PDF Print

Studies relating to children

The studies below indicate a range of increased risks associated with children's exposure to EMF's. (Click on the study for more details):

Need help understanding the studies?...


Studies on brain tumours

Hardell 2008. Malignant brain tumour (glioma) study (not yet published - reported at RRT International Conference on EMF and Health - a global issue, September 2008.)

Found a 5-fold increase in glioma risk for those starting mobile phone use under 20 years of age indicating the age group at first use is highly significant.

Studies relating to absorption of radiation into the head of a child

Alvaro A. de Salles a;  Giovani Bulla a; Claudio E. Fernaacutendez Rodriguez, Electrical Engineering Department, Federal Universityof Rio Grande do Sul (UFRGS), Porto Alegre, Brasil. Electromagnetic Absorption in the Head of Adults and Children Due to Mobile Phone Operation Close to the Head

The Specific Absorption Rate (SAR) produced by mobile phones in the head of adults and children is simulated using an algorithm based on the Finite Difference Time Domain (FDTD) method. Realistic models of the child and adult head are used. The electromagnetic parameters are fitted to these models. Comparison also are made with the SAR calculated in the children model when using adult human electromagnetic parameters values. Microstrip (or patch) antennas and quarter wavelength monopole antennas are used in the simulations. The frequencies used to feed the antennas are 1850 MHz and 850 MHz. The SAR results are compared with the available international recommendations.

It is shown that under similar conditions, the 1g-SAR calculated for children is higher than that for the adults. When using the 10-year old child model, SAR values higher than 60% than those for adults are obtained.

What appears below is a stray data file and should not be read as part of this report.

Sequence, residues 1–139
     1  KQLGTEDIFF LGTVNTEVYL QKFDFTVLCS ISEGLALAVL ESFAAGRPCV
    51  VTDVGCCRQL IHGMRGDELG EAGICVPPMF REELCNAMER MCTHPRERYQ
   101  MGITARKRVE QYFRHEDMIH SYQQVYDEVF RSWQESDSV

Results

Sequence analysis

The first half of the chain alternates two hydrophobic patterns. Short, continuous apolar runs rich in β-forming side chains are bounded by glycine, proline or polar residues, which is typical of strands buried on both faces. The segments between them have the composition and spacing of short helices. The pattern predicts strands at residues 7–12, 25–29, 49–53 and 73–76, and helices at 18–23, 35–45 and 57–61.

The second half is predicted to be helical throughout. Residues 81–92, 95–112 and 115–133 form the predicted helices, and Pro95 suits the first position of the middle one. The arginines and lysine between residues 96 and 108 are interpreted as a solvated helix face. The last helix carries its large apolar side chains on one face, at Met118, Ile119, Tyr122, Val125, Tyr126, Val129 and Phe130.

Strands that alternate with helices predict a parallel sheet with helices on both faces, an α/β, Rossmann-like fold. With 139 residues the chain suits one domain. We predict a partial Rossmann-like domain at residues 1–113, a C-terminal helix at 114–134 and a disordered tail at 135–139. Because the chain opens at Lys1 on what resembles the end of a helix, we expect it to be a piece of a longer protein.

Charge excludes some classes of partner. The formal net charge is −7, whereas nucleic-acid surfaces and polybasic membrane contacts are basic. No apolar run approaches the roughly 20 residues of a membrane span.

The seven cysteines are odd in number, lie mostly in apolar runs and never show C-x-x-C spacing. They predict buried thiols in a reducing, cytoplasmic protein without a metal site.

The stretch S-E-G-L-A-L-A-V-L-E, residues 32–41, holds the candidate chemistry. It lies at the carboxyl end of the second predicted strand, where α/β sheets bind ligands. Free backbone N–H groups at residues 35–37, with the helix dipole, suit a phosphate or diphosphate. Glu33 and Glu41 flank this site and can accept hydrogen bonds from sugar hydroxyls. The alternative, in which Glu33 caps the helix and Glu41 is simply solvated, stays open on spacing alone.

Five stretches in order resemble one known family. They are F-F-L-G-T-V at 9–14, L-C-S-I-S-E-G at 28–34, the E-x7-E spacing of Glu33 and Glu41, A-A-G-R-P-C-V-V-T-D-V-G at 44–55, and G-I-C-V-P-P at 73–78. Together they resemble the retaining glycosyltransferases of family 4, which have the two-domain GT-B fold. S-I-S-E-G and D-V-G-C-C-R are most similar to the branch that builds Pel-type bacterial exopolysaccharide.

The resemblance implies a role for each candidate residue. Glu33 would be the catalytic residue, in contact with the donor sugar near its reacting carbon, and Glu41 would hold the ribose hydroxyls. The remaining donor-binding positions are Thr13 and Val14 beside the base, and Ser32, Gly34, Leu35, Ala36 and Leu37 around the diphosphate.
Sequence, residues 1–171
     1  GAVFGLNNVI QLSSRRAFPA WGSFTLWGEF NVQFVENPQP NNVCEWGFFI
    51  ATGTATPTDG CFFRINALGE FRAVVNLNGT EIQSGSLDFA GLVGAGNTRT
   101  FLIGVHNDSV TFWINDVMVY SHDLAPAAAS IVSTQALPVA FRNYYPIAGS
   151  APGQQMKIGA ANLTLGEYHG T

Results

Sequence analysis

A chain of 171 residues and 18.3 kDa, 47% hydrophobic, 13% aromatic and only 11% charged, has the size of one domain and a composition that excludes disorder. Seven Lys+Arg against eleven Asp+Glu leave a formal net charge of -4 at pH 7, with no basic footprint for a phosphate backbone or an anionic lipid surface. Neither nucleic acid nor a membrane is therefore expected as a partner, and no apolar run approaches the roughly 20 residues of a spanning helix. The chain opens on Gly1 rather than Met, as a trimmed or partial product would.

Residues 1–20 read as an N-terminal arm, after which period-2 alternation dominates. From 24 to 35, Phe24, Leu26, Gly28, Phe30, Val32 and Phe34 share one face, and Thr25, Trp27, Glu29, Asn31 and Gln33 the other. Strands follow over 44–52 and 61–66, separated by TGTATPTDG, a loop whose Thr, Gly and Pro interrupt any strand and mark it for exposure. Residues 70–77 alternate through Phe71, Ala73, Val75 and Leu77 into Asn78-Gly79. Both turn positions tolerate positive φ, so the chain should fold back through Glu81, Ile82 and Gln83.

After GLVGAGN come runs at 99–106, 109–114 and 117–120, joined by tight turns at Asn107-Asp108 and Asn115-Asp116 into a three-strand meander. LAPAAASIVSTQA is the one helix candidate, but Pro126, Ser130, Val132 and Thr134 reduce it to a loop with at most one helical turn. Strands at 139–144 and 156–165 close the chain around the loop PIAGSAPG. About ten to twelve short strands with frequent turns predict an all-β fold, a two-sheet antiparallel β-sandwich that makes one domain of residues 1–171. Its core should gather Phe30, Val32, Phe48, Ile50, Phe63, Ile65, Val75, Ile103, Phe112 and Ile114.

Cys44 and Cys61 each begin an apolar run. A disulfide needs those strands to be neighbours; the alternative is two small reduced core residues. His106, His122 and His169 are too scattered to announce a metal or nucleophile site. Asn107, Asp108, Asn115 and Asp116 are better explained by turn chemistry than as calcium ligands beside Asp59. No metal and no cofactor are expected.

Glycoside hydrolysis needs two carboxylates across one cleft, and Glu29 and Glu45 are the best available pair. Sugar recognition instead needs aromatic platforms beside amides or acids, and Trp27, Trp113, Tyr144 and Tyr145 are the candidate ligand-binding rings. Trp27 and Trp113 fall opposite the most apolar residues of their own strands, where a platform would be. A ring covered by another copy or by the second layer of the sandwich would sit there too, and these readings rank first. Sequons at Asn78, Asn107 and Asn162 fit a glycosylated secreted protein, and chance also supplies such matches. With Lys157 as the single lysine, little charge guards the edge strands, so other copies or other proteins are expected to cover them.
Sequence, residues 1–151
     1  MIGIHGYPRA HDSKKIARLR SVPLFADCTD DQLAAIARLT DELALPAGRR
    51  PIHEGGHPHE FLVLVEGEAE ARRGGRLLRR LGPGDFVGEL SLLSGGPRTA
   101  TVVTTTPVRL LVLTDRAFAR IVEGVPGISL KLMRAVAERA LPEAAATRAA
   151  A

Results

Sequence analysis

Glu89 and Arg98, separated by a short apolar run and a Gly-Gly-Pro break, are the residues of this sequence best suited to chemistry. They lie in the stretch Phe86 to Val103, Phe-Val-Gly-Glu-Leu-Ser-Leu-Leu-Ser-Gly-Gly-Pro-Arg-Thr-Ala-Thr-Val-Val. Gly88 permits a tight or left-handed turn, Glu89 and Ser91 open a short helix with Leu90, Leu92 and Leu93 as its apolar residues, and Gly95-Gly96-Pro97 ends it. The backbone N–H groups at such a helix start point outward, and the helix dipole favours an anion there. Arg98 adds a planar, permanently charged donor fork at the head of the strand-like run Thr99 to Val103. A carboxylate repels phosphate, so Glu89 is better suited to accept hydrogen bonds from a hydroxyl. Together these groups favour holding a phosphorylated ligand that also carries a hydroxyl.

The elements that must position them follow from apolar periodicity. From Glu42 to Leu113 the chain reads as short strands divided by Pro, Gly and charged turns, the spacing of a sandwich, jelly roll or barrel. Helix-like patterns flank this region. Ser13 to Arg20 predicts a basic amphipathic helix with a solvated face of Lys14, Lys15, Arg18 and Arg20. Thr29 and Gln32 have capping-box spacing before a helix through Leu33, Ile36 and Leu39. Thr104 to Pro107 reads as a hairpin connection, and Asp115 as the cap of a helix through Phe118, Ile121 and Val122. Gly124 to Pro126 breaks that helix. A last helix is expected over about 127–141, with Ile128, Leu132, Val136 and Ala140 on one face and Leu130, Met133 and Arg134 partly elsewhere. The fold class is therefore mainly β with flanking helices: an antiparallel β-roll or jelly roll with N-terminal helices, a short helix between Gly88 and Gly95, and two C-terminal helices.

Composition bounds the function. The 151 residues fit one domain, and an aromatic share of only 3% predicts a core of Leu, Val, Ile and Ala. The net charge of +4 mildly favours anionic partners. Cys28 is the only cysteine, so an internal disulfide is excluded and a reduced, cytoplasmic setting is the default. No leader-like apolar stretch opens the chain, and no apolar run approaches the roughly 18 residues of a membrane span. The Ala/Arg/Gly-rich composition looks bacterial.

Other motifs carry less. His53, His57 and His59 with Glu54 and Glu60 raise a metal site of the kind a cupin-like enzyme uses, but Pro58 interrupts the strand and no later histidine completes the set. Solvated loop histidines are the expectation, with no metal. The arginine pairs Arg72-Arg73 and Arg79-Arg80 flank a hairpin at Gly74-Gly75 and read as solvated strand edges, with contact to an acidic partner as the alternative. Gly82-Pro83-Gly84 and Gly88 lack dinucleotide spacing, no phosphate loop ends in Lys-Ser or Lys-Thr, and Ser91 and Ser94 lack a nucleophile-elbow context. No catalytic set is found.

Gandhi, Lazzi, Furse 1996. Electromagnetic Absorption in the human head and neck for mobile telephones at 835 and 1900mhz

Studies relating to children's exposure to chronic low level electro-magnetic radiation (phone masts, wi-fi etc)

A. A. Kolodynski and V. V. Kolodynska Institute of Biology, Latvian Academy of Sciences, 3 Miera Str., Salaspils, LV-2121, Latvia. Motor and psychological functions of school children living in the area of the Skrunda Radio Location Station in Latvia, 1999

This paper presents the results of experiments on school children living in the area of the Skrunda Radio Location Station (RLS) in Latvia. Motor function, memory and attention significantly differed between the exposed and control groups. Children living in front of the RLS had less developed memory and attention, their reaction time was slower and their neuromuscular apparatus endurance was decreased.
The signals from this transmitter were pulsed and of a similar intensity to that which children exposed to Wi-Fi would be subjected to.

See also laboratory studies...

Studies relating to effects on fetus of cell phone use in pregnancy

Divan HA, Kheifets L, Obel C, Olsen J.Prenatal and postnatal exposure to cell phone use and behavioral problems in children. Epidemiology. 2008 Jul;19(4):523-9.   Department of Epidemiology, UCLA School of Public Health, University of California

Mothers were recruited to the Danish National Birth Cohort early in pregnancy. When the children of those pregnancies reached 7 years of age in 2005 and 2006, mothers were asked to complete a questionnaire regarding the current health and behavioral status of children, as well as past exposure to cell phone use. Mothers evaluated the child's behavior problems using the Strength and Difficulties Questionnaire. Greater odds ratios for behavioral problems were observed for children who had possible prenatal or postnatal exposure to cell phone use. After adjustment for potential confounders, the odds ratio for a higher overall behavioral problems score was 1.80 (95% confidence interval = 1.45-2.23) in children with both prenatal and postnatal exposure to cell phones.

Author's conclusions: Exposure to cell phones prenatally-and, to a lesser degree, postnatally-was associated with behavioral difficulties such as emotional and hyperactivity problems around the age of school entry. These associations may be noncausal and may be due to unmeasured confounding. If real, they would be of public health concern given the widespread use of this technology.